Culture

Category archives for Culture

Sheldon Cooper and Alfred Nobel

Last week, before we headed out for the weekend, I had a brief exchange with Ben Lillie on Twitter, prompted by the following set of tweets: OK, here's a thing. I'll often hear people complain that Hollywood gets science wrong because there's *1* scientist who does everything 1/3 — Ben Lillie (@BenLillie) September 27, 2013…

Education Is Chaotic

While I’m quoting other people saying smart things, Timothy Burke has another great post on the failures of economic models of higher education There is a lot of information that you could acquire about courses or about colleges that you could reasonably use to assemble a decision matrix. What size is the class or the…

There was a lot of re-sharing yesterday of an article about the “Finkbeiner Test” to be applied to profiles of women scientists. This is analogous to the “Bechdel Test” in pop culture, which asks “Do two women talk to each other about something other than a man?”, only because we’re scientists, it’s more complicated, hitting…

Science In Different Voices

One of the things that’s been rattling around in my head since ScienceOnline back in January is the need for a greater diversity of voices in science communication generally. I don’t mean diversity in the sense of racial and gender make-up of the people doing the communication, though that would be nice, I mean a…

Be Your Boring Self

In rapid succession yesterday, Twitter threw me two how-to-behave-online links that kind of rubbed me the wrong way. The first was a widely re-shared essay titled You Are Boring: You listen to the same five podcasts and read the same seven blogs as all your pals. You stay up late on Twitter making hashtagged jokes…

Every now and then, I run across a couple of items that tie together a whole bunch of different issues that weigh heavily on my mind. That happened yesterday courtesy of Timothy Burke, whose blog post about an NPR story is so good that there aren’t enough +1 buttons on the entire Internet for it.…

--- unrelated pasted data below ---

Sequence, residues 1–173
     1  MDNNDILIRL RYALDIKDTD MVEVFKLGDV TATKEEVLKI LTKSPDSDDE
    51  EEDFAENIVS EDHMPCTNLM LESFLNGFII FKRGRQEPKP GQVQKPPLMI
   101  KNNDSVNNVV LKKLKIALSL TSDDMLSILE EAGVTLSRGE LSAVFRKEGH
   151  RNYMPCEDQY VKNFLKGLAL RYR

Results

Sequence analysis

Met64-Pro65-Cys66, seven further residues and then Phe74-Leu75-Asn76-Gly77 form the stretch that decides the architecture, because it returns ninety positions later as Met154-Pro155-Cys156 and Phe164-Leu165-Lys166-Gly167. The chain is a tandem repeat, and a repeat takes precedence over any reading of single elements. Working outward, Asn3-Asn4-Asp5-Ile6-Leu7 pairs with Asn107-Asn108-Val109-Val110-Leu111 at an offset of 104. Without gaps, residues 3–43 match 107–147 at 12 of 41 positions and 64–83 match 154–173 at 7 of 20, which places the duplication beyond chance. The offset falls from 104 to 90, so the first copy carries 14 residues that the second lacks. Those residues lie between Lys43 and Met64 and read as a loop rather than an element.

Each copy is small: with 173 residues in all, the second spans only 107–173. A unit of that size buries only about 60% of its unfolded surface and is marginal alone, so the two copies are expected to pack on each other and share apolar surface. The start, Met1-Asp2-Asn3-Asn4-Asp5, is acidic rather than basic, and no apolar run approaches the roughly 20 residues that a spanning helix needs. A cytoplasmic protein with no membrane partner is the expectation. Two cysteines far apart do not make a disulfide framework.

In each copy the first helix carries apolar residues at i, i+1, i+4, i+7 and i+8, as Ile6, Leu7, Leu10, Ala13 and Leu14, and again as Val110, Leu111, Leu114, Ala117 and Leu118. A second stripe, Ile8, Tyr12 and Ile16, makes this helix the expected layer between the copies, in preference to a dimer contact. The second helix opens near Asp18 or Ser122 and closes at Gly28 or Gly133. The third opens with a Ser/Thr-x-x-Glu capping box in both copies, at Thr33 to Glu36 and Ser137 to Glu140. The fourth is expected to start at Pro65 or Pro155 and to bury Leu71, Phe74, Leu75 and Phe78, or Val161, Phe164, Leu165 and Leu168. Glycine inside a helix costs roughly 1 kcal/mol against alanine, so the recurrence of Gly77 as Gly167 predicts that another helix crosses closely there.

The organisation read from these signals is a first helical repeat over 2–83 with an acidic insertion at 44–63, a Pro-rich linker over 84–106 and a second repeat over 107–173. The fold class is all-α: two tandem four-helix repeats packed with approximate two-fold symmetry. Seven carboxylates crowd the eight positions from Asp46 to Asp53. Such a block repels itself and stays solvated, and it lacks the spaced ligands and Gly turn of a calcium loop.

In the comments to yesterday’s post about college admissions, Joseph Yoon quoted my statement that “I’m somewhat sympathetic to claims that Asians have a difficult position in higher education,” and shot back with: I wonder if you will feel more strongly about this in 10 years when your kids are near college. Will you advise…

Via Joerg Heber on Twitter, a great post on gender divisions in STEM by Athene Donald: As children try to work out their personal identities, the difference between ‘boy’ and ‘girl’ is as fundamental and omnipresent as it gets – and they receive the clear messages that collectively society gives out about the attributes implicitly…

I was thinking about attitudes toward physics the other day, and realized that whenever I meet somebody (not a physicist) for the first time and tell them that I’m a physicist, their initial responses most frequently fall into one of three general categories: “You must be really smart.” “I hated that when I took it…

There was a nice piece at Inside Higher Ed yesterday on the myth of more time: A lack of confidence in one’s abilities as a writer, researcher, speaker, etc. is at the root of the myth of more time. When a deadline looms, we become acutely aware of the imminent reception of our work by…